- Internalized ideology. People are raised to honestly believe
that they should only take what they need, and only for as long as they
- External ideology. Anyone who acted like this would immediately
be viewed by everyone else in the community as an asshole. It violates
social custom. Even those who don't have qualms about grabbing everything
they can get their hands on at the supply depot don't want to poison their
standing in the community.
- The threat of violence. Probably other people in the community
would be sufficiently pissed off that they'd attack or at least apprehend
anyone who did this.
Now, unlike the Anarrestis, we live in a society that believes in property.
But ownership is a fiction. I "own" a guitar, but there's no physical
attribute of the guitar that marks it as "mine." I believe I own it. The
people at Guitar Center were willing to adopt that belief when I gave them
a piece of plastic with a magnetic strip that shuffled some numbers in a
couple of bank computers. But my ownership of the guitar has no objective
existence, merely an intersubjective one. What's keeping my neighbors
from breaking down my door while I'm out and swiping it? Three things:
- Internalized ideology. People are raised to honestly believe
that objects are owned by people and that they shouldn't take what they
- External ideology. Anyone who acted like this would likely
be viewed by most people in the community as a criminal. It violates the
law — that is, the set of social customs we have formulated into
words and written down.
- The threat of violence. There are usually groups of people
in the community who are on record saying that they will attempt to
attack or at least apprehend anyone who does this. Depending on where
you live and the types of people whose property your local group vows
to protect, it might be called a police force, a Committee of
Vigilance, or a street gang.
Anarres and Urras are planets. Planets don't just come out of nowhere;
they coalesce out of clouds of gas and dust, just as stars do. Some
parts of a cloud of gas are denser than others. They contain more
matter than the less dense areas, exert more gravitational force, draw
in more matter, exert even more gravitational force, and soon where you
once had a wispy cloud you now have a huge, solid sphere of metal and
States work the same way. They don't just come out of nowhere; they
coalesce out of anarchies. In that human cloud, some people have more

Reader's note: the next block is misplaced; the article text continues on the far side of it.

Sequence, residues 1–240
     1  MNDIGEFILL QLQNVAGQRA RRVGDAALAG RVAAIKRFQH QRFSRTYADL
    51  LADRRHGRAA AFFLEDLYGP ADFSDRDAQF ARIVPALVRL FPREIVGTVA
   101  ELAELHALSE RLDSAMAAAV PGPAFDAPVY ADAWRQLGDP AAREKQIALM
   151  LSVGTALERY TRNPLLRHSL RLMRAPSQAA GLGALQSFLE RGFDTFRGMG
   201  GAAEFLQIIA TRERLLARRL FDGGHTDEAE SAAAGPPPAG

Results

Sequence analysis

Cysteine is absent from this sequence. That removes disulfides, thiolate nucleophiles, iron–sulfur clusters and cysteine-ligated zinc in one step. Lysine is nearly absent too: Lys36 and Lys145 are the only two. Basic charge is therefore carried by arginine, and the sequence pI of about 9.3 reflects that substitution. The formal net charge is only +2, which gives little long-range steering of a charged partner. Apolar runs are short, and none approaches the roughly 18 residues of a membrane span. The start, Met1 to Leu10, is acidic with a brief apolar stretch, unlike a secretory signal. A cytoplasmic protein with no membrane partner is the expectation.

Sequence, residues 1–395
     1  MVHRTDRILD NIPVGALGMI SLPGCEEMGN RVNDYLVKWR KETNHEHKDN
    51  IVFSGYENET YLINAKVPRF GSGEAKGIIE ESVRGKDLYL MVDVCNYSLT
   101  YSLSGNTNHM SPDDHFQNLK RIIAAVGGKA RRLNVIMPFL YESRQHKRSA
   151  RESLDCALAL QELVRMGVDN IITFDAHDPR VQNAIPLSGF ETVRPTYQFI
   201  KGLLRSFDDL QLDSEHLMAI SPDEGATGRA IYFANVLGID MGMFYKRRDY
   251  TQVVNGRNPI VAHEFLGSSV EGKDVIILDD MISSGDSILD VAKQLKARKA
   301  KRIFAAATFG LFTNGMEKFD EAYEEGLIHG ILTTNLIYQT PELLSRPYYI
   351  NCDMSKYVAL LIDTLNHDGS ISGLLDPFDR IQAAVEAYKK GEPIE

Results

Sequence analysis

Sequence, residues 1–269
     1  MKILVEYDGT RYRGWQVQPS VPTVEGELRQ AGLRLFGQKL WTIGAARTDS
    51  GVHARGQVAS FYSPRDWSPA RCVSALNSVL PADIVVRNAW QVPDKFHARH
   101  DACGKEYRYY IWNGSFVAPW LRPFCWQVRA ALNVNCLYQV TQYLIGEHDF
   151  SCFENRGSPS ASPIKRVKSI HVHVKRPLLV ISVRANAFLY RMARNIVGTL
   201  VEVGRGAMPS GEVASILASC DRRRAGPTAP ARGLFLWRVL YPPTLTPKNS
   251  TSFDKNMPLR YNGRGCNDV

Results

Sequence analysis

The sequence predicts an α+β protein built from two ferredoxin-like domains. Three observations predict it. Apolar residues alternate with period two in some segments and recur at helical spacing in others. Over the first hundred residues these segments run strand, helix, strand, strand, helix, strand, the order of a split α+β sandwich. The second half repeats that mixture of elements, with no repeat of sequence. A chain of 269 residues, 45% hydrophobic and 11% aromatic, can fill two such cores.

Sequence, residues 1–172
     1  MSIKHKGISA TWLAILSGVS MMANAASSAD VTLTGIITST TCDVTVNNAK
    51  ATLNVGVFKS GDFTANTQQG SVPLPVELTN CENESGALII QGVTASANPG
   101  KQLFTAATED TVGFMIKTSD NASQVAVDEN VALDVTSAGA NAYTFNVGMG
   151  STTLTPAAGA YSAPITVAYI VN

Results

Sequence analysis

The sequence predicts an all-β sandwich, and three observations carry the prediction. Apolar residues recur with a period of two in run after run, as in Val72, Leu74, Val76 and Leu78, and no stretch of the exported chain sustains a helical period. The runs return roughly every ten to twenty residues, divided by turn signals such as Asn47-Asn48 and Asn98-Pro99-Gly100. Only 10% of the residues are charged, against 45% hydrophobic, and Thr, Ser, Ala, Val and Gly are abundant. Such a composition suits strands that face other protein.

power than others. How? I have no idea. But some people simply have
the ability to aggregate and direct the wills of others. (See the
anecdote at the bottom of this article.)
Gravity wells develop. Power concentrates in a few hands. Unregulated
economies become monopolies, and history shows that revolutions almost
invariably lead to dictatorship. The only thing keeping Anarres from
coalescing in this manner is an ideology that more closely resembles a
religion — a personality cult, even — than a philosophy,
just as it is only ideology that keeps republics from becoming tyrannies
(and the data is still inconclusive on how long any of them can resist).
The moment people start aggregating and directing the wills of others,
as Shevek finds his fellow Anarrestis beginning to do, you have the
beginnings of a state, like it or not.
And there are reasons to like it. Part of what prompts Shevek to go
to Urras is the realization that any positive social change has to begin,
by definition, with a person or small group of people going against
social custom. A moment ago I wrote that law is codified social custom,
but it's also a vehicle for a progressive minority to change social
custom. Sometimes it doesn't work (the classic example being Prohibition).
But sometimes it does! When states began to adopt restaurant smoking bans
they were controversial, and clearly at least a little ways ahead of the
curve. It seems unlikely that restaurants would have banned it on their
own — Oklahoma doesn't have one, and when I make the mistake of
stepping into a Denny's there in 2005 the air was unbearable. And yet
in places where the bans were enacted, social custom swiftly followed.
In 1995 I was waiting in line at a burrito shop when a British tourist
lit up — and from the way people reacted you'd have thought he'd
dropped his pants and taken a dump in the salsa bar. It was awesome.